The mental number line, with its left-to-right orientation of increasing numerical values, is often regarded as evidence for a unique connection between space and number. Yet left-to-right orientation has been shown to extend to other dimensions, consistent with a general magnitude system wherein different magnitudes share neural and conceptual resources. Such observations raise a fundamental, yet relatively unexplored, question about spatial-numerical associations: What is the nature of the information represented along the mental number line? Here we show that this information is not exclusive to number, simultaneously accommodating numerical and non-numerical magnitudes. Participants completed the classic SNARC (Spatial-Numerical Association of Response Codes) task while sometimes wearing wrist weights. Weighting the left wrist–thereby linking less and more weight to right and left, respectively–worked against left-to-right orientation of number, leaving no behavioral trace of the mental number line. Our findings point to the dynamic integration of magnitude dimensions, with spatial organization instantiating representational currency (i.e., more/less relations) shared across magnitudes.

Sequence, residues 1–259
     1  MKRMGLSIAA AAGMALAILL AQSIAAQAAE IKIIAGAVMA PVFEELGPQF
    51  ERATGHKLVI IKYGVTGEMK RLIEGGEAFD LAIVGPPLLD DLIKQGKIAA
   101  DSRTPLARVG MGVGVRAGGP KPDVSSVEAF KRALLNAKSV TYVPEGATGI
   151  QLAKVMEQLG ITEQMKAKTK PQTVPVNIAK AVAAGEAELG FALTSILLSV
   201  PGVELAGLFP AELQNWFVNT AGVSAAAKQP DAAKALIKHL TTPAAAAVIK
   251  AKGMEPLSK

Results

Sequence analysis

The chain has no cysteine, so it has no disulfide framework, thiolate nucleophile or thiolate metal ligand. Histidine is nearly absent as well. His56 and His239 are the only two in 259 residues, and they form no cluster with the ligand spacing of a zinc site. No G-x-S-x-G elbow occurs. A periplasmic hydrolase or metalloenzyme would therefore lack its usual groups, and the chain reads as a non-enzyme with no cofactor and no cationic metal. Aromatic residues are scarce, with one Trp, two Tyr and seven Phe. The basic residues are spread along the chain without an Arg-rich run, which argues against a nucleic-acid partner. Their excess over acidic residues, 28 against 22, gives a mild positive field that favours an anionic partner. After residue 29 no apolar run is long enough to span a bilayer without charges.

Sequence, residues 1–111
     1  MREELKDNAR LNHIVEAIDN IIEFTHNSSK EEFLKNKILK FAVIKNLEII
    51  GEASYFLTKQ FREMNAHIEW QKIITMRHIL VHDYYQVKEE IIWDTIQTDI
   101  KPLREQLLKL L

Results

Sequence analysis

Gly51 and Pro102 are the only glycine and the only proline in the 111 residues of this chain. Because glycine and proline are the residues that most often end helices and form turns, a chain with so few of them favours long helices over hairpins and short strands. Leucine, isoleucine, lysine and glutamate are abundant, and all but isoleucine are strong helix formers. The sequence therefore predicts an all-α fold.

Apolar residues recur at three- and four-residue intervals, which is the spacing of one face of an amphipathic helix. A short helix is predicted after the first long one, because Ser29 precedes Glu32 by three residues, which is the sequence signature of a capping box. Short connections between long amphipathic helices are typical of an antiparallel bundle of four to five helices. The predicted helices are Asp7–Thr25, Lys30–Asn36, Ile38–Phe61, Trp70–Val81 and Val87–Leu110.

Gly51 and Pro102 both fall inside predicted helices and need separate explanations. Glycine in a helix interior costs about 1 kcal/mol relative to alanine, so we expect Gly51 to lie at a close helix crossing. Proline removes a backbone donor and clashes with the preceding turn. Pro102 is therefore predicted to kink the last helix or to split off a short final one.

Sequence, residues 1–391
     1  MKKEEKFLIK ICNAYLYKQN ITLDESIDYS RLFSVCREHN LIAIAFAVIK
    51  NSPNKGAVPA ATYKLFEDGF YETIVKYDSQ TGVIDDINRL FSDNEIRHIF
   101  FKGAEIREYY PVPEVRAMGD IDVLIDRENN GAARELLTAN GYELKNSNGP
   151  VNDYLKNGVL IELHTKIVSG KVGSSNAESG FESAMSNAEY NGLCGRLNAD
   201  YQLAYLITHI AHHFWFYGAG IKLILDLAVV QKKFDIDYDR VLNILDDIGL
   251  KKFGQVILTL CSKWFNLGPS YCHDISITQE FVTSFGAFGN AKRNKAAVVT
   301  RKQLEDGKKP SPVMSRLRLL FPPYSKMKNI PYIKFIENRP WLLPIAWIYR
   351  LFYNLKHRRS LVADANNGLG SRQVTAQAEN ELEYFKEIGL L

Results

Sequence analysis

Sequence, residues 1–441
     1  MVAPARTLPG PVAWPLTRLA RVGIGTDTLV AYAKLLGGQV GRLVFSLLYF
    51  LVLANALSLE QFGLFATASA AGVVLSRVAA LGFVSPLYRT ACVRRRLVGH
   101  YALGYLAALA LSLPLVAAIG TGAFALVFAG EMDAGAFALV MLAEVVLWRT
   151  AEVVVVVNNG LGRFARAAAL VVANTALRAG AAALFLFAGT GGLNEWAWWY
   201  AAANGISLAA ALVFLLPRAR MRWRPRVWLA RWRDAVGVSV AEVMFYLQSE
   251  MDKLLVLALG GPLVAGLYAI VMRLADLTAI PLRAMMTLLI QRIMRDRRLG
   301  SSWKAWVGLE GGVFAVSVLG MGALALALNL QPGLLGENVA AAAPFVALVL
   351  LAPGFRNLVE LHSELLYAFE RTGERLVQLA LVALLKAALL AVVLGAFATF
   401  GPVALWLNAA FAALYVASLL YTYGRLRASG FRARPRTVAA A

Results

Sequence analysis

Citation: Holmes KJ, Lourenco SF (2013) When Numbers Get Heavy: Is the Mental Number Line Exclusively Numerical? PLoS ONE 8(3): e58381. https://doi.org/10.1371/journal.pone.0058381
Editor: Michael J. Proulx, University of Bath, United Kingdom
Received: September 13, 2012; Accepted: February 4, 2013; Published: March 6, 2013
Copyright: © 2013 Holmes, Lourenco. This is an open-access article distributed under the terms of the Creative Commons Attribution License, which permits unrestricted use, distribution, and reproduction in any medium, provided the original author and source are credited.